In this interconnected world, there are benefits for everyone involved in participating in and delivering the international classroom: the students, you – their teachers, and the support staff in administration. Here we provide some materials which you might find an interesting starting point to stimulate a knowledge sharing discussion amongst the relevant stakeholders, perhaps with the view to developing best practices.
Exercise for discussion with other study abroad stakeholders / colleagues
1 — What are your thoughts about the effects of an international classroom on intercultural awareness? What do you see happening around you when international students arrive at your university? What information do you have about the experience of your home students when they go on study abroad and how have you historically become aware of this? Are you acting as mentor for your students?
A hot topic at the moment within research looking at levels of intercultural development is the need for cultural training and mentoring (Pedersen, 2009, p. S74; Pedersen 2010, p. 79; Jackson, 2009, p. S69; and Vande Berg, 2009, p. S21).
2 — Do you have any views about the optimal duration of study abroad?
Researchers measuring levels of intercultural sensitivity through a tool called the IDI have found that duration of study abroad was significantly associated with IDI gains abroad (Vande Berg, 2009; Pedersen, 2009).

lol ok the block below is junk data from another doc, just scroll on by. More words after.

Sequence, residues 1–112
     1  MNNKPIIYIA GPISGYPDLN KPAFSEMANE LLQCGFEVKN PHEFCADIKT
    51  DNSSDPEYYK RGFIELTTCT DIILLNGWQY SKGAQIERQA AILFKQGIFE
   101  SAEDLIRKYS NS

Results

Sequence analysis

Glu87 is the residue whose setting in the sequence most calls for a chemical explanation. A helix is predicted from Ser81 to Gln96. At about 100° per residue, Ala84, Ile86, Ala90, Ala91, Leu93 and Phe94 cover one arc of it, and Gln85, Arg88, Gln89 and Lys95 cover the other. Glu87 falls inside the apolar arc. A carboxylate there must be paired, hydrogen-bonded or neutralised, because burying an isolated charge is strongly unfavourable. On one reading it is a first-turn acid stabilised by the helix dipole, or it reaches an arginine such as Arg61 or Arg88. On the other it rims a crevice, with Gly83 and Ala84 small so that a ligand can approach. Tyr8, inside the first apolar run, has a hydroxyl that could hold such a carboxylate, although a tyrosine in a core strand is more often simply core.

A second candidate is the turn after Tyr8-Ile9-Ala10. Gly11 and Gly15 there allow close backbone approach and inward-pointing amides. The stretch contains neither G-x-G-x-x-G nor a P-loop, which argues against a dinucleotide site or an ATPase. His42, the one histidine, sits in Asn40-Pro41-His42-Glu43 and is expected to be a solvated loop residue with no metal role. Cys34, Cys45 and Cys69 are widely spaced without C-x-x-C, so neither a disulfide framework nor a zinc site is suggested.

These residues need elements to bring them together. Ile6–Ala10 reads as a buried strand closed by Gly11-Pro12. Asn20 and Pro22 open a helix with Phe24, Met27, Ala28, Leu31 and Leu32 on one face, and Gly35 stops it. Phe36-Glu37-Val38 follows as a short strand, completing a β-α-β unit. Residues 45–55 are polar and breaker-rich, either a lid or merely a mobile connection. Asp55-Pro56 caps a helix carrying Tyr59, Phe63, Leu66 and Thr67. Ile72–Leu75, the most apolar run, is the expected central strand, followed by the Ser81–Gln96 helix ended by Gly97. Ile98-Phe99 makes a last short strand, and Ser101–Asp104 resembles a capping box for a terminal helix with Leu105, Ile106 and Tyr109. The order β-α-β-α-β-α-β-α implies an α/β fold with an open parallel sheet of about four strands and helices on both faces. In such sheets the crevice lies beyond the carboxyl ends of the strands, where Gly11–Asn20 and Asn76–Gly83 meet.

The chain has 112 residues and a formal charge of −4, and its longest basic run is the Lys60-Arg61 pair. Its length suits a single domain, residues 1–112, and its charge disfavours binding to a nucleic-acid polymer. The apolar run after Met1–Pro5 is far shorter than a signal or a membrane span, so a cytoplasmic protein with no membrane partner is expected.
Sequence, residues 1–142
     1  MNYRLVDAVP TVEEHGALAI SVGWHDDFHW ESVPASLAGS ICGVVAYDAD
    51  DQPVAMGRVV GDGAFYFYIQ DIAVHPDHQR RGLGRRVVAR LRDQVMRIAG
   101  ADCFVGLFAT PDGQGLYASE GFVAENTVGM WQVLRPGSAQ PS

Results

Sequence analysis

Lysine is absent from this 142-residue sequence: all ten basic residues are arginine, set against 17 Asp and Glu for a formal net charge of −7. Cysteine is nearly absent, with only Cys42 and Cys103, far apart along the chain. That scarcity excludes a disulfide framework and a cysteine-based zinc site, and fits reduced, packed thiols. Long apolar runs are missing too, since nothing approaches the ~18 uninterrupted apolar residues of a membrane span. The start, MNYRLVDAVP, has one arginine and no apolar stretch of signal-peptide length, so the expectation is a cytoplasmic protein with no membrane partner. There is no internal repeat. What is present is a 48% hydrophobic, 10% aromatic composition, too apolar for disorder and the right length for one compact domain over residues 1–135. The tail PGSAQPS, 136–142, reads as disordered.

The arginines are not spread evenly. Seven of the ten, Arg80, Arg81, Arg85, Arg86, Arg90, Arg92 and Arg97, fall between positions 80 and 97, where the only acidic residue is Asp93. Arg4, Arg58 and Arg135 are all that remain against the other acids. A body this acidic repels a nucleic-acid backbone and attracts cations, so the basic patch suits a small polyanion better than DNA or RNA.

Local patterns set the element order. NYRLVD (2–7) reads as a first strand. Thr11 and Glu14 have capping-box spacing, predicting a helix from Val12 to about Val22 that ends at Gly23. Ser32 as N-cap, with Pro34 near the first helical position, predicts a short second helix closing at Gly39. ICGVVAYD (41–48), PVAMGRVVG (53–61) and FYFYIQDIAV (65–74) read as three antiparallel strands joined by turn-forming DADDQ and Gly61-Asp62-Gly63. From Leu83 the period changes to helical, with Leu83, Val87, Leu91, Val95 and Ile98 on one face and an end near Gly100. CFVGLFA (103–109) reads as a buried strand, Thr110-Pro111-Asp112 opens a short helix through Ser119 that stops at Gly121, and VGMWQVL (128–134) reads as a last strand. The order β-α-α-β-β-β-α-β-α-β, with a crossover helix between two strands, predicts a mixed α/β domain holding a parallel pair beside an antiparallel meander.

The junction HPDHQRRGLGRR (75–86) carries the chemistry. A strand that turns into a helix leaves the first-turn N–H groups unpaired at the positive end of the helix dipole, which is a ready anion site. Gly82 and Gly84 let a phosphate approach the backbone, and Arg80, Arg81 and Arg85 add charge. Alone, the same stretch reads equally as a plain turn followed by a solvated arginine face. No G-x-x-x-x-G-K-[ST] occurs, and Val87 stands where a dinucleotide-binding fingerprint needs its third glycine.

3 — What housing do your home and host study abroad students find? Is there any assistance for them with this? Which type do you think most fosters the acquisition of language and cultural awareness? What measures are in place at the home and the host universities to facilitate international and home university students getting to know each other? Are international students ‘invisible’ to the local peer group?
It is not just the duration of study abroad that appears to have an impact. Researchers hoping to create the circumstances for the optimal development of cross-cultural sensitivity and acquisition of French as a second language, considered length of stay of the sojourn but also type of housing, required language use and language exchange with a local student (Engle & Engle, 2004).
4 — Mobility of students is not now primarily about students majoring in learning languages sojourning elsewhere to develop their linguistic skills. What support does your university offer students to learn the local language?
41% of Erasmus students study language or philology (Collentine, 2009, p. 221).
5 — In your view, are students in an international classroom curious about the other cultures that they find themselves coming into contact with? What examples could you give of their motivation or lack of motivation to find out more? Have you any experience of students completing an international classroom with reinforced stereotypes rather than increased cultural sensitivity? What attitudes have you heard expressed? What guidance is in place for when students finish an international classroom, for example return home from study abroad?